Why joining Google Plus will kill your business

by Kristy Bolsinger November 25th, 2011 


There are lots of reasons that small businesses fail.

  • Lack of capital.
  • Poor timing of market entry.
  • Overexpansion.
  • Lack of exposure.
  • Lack of strategic vision.

The list could go on and on but we can stop with that last one. Lack of strategic vision.

Precious Resources

You've spent countless hours pouring over industry data, market research, brainstorming new products or ways to improve existing lines, cultivating the right talent and generally worrying over and nurturing your company. You've got your business plan in place and your plan of execution laid out. You are limited only by your own blood, sweat and tears. Oh, yeah and financing.

There is a precious balance in place stabilized only by your ability to maintain focus, stretch your imagination and persevere.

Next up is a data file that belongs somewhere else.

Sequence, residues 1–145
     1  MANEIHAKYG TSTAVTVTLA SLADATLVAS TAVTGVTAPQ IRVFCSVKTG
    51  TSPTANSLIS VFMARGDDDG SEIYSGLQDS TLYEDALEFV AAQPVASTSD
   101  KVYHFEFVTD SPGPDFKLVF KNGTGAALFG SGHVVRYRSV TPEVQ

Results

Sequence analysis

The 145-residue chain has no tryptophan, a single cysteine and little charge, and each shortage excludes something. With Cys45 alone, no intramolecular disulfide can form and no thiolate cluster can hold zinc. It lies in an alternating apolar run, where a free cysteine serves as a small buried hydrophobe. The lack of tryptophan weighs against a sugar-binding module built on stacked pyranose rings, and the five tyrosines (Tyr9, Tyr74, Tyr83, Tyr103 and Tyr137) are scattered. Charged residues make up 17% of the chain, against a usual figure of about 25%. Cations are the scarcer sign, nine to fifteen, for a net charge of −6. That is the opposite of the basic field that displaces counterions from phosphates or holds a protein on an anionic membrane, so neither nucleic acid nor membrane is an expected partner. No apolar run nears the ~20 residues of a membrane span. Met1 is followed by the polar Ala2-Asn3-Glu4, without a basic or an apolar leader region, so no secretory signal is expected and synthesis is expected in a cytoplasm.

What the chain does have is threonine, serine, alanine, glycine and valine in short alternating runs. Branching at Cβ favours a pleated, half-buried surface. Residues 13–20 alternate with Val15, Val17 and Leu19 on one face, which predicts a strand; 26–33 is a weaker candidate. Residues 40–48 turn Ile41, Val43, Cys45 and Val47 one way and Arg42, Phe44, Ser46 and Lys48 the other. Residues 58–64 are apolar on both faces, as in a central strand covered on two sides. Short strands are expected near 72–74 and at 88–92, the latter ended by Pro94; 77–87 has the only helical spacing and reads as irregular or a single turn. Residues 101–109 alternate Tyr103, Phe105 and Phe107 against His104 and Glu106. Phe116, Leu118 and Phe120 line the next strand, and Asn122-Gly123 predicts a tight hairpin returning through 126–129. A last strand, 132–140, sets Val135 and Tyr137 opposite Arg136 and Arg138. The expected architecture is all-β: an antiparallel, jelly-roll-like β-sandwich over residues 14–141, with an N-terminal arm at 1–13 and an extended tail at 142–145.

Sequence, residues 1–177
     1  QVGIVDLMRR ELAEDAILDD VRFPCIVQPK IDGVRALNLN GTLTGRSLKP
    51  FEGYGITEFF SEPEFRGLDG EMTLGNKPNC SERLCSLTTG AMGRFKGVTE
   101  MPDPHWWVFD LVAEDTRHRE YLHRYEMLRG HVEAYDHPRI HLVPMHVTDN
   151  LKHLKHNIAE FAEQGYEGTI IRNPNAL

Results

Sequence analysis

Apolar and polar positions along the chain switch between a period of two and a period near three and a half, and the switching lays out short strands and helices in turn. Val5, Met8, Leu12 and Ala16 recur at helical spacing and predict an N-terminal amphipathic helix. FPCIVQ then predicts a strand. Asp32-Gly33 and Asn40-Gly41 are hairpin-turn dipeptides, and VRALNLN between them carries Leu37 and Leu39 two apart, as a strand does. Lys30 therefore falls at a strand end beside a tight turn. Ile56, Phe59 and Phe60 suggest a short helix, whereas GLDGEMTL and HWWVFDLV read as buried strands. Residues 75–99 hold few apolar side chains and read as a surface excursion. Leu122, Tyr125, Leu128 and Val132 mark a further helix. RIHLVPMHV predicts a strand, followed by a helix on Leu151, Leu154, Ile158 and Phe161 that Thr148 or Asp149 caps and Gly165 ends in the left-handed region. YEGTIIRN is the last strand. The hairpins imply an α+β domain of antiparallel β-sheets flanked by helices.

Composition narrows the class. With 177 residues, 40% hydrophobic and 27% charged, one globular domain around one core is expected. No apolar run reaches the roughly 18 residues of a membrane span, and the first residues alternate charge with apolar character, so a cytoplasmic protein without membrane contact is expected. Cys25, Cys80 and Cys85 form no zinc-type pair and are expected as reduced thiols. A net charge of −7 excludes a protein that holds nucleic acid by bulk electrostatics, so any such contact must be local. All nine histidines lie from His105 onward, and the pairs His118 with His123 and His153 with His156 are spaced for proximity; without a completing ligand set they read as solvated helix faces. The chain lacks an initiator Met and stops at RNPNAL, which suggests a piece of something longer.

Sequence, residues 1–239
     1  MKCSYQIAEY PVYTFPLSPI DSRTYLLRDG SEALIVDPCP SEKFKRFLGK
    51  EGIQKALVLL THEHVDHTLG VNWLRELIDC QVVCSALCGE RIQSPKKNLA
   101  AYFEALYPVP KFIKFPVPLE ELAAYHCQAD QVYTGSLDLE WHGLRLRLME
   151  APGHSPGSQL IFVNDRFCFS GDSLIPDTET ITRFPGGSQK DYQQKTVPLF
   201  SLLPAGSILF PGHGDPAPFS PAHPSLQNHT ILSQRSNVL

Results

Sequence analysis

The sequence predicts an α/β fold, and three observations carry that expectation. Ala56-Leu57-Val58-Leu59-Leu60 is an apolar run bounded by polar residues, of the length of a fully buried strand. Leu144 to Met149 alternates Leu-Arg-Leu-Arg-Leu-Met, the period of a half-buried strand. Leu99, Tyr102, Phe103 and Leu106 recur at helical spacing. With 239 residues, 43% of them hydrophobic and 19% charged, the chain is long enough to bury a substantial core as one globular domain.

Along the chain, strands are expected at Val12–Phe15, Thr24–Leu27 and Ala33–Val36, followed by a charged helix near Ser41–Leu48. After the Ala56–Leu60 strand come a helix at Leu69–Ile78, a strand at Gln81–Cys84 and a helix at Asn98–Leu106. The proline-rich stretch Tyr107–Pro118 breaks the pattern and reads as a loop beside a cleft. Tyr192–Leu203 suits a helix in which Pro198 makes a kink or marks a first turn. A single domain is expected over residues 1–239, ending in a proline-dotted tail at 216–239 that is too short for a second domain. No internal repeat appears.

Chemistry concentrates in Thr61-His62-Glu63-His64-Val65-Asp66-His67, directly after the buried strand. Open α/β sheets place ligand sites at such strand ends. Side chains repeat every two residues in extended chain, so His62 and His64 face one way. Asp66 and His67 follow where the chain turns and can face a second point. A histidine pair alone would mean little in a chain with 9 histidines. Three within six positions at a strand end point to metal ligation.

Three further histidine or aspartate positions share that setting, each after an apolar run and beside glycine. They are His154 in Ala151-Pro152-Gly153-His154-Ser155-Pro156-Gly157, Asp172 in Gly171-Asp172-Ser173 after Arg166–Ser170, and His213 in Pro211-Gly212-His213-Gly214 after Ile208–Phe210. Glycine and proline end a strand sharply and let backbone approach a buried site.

So how will Google Plus destroy all of this? Well, lets be real it wont. What will destroy it is your inability to discern what will add real value to your business and what will not. Google Plus itself will not be the downfall of your small business. But what can be is the divergence of precious resources to something that will not add but rather detract.

Cost Of Experimenting

Right now Google Plus is very new. In fact business pages were just recently released. There are no solid usage stats yet to tell us who is engaging and how those pages for business are being used.

Right now many are setting up their pages mainly because they can. And lets be real there can be some major early-mover advantage.

Many of these early business pages are being built by larger businesses that can afford to mix-shift their resources to test and play. Or even by smaller organizations with dedicated social resources.

Sean ODriscoll, CEO and Co-Founder of Ants Eye View once said "The ROI of experimentation is learning." Larger organizations can afford to divert some of their investment to experimentation.

When you are a smaller more limited business you may not have that luxury for this type of activity.

Your better bet is to learn from the investment others are making and jump when the time is right for you.


Use your experimentation bucket (of time) for things that will differentiate your business in the marketplace.

Google Plus will not actually kill your business. But the inability to maintain focus and discern real true opportunities can.